Revising – Starting At The Top

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Revising – Starting At The Top

The Only Direction is Down – And That’s Okay

Read about planning to fix plot holes.

Finally, the endless sorting and planning have come to an end.

Now, our brave writer perches precariously on a mountainous TO DO list.

And she weighs two choices. On the one hand, she might grow wings and soar away to find another work. Or, she can take off her rose-colored glasses and start checking off the TO DO list. With all her heart she prays that, at the end, the story on paper will resemble the story in her head.

What did I do?

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Revising to Fix Plot Holes

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Revising To Fix Plot Holes

Working On The Revision Chain Gang

Read about planning to fix story structure.

A red sun swims above the horizon, reds and oranges blending with the horizon. Then the camera zooms in on a line of sweaty guys with shovels and hoes and rakes, filling in pot holes on some country road.

The chain gang. That’s me…there…at the back, trying to keep pace.

But, wait. Won’t adding words change those perfect story proportions? Yippers.

But, if I’m going to improve my story, I have to get past that. If it’s not fixing plot holes, scene structures, or characterization will upset the apple cart. But I’m too inexperienced to predict an outcome. Alas, I must wait and see. Continue reading

Revising to Fix the Story Structure

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Revising To Fix The Story Structure

Story-Level Decisions To Make Revising Easier

Read about planning to fix my story.

Someone once said there are only seven story types.

True?

Who knows? But it’s clear we have tried and true formulas to fall back on. Want to write a romance? Why not try boy meets girl, boy loses girl, boy gets girl back. Obsessed with adventure? We might do worse than the chosen one forced from a comfortable life, falls victim to flaws, realizes mistakes, comes back to win.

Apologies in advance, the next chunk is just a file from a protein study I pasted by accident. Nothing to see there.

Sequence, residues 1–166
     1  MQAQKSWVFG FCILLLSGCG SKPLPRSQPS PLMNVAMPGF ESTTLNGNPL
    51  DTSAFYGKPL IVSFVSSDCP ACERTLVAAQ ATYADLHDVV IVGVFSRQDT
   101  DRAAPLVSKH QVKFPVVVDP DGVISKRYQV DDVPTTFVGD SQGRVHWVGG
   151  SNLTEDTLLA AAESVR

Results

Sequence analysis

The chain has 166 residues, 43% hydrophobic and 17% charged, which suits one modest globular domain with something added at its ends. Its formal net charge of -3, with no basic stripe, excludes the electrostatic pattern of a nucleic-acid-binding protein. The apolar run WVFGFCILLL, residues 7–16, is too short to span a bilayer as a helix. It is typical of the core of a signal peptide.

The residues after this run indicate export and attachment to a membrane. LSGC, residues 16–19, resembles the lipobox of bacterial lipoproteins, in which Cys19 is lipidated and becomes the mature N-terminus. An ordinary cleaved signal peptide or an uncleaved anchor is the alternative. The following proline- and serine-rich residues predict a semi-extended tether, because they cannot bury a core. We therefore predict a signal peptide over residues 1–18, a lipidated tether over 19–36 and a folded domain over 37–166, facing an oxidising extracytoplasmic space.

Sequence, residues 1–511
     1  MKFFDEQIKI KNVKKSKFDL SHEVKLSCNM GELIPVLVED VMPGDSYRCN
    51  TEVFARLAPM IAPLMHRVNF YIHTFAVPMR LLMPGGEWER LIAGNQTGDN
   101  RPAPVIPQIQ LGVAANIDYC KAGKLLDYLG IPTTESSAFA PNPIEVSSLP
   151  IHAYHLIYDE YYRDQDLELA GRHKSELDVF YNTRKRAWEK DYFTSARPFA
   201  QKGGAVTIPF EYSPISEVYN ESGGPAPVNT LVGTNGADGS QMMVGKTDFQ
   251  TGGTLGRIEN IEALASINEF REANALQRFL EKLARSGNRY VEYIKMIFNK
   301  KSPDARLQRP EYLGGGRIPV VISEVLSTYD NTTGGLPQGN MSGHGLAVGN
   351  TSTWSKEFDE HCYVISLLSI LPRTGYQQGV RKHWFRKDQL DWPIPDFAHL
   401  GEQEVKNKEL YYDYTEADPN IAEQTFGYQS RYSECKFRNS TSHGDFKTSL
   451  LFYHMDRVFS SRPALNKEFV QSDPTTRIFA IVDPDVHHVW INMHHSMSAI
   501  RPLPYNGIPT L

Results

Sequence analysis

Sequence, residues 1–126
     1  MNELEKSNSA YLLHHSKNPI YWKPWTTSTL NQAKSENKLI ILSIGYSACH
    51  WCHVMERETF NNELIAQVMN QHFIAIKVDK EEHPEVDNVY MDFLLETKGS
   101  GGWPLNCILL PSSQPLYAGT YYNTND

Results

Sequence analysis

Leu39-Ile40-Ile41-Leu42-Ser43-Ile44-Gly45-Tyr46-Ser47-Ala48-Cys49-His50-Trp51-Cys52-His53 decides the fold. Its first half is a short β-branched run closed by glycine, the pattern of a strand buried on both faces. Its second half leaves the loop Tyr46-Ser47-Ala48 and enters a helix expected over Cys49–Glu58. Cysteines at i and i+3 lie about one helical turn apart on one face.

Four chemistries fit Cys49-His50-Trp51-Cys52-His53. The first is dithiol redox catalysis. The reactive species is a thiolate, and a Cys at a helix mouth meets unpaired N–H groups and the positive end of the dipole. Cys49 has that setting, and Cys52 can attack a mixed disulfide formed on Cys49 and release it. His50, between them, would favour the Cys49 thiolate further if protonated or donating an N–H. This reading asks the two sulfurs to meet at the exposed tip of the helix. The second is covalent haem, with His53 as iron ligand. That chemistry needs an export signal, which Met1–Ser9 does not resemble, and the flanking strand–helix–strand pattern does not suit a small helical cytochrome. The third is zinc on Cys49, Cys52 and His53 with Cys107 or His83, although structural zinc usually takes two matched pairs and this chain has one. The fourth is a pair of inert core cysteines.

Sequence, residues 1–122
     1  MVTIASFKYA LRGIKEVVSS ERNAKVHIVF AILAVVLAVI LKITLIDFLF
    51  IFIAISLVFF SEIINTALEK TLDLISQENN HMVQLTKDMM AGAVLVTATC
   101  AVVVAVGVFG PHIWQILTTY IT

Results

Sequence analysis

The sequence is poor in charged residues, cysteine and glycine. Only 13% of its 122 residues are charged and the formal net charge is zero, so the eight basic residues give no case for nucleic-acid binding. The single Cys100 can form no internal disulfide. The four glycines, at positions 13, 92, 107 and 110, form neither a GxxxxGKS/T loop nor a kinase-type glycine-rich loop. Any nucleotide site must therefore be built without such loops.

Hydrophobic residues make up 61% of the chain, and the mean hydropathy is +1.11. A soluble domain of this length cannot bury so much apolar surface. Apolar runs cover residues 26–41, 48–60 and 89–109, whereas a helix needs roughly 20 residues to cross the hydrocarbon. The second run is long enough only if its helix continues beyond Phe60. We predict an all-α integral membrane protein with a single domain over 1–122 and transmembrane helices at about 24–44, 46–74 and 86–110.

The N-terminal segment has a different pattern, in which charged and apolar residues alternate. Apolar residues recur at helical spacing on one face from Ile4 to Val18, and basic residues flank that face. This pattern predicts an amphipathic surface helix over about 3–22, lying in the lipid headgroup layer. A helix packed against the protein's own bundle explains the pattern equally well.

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And Now I Know

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And Now I Know

Enduring The First Read

Read about  redoing a first draft.

The worst thing ever?

Not knowing.

Take something that matters. Maybe I had no chance at influencing events, reduced to hoping they would draw my name from a hat. Or I tried something, but I didn’t do as well as I should have, like that science project. Or…I devoted several months, pouring my heart out, using every trick I’d ever learned…like writing a story.

How I ached to fix that draft, almost as soon as I finished it.  Instead, needing space to forget, I put it aside. Initially, I thought of nothing else. But, over time, it receded. Still, in odd moments, without warning, a cold hand squeezed my heart, and I couldn’t breathe. Had I improved it, or wasted my time?

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Tiny Red Beads

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Tiny Red Beads

Bench Pressing Strong Verbs

Read about Tammy’s final meeting with the Count.

All things come to an end. So, too, my strong verbs project, some twenty-five stories, counting this one.

Along the way, I learned about lovely little Amy, poor, put-upon Janet, and Tammy far from home. At first, fictional creations, they became real to me, and I adore them.

And I pondered which I would end with. But I suspected Tammy would close things out. In some future story I might bring them together. I think they would like each other.

Our final strong verbs, using the usual rules: focus, express, translate, rupture, conceptualize, ignore, and abolish.

 

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Finishing Over

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Finishing Over

Or, Revising the Rewrite

Read about  my method for blocking out a scene.

A printed first draft sits on the table.

It cost me two months of my life, and has little resemblance to my first try.

It waits, all 156 pages, 10 point arial, 1.5 line spacing.

I let it set on my hard drive, undisturbed, except when I pulled at parts of it for a series of posts, commenting on the South Park method of connecting applying the method to a part of my story, using Jordan Rosenfeld’s template for one of the three scenes, and blocking a scene, blow by blow.  And I attracted a few readers which boggles my mind.  Why would anyone care.  After all, I’m Nora Nobody.  Ha.

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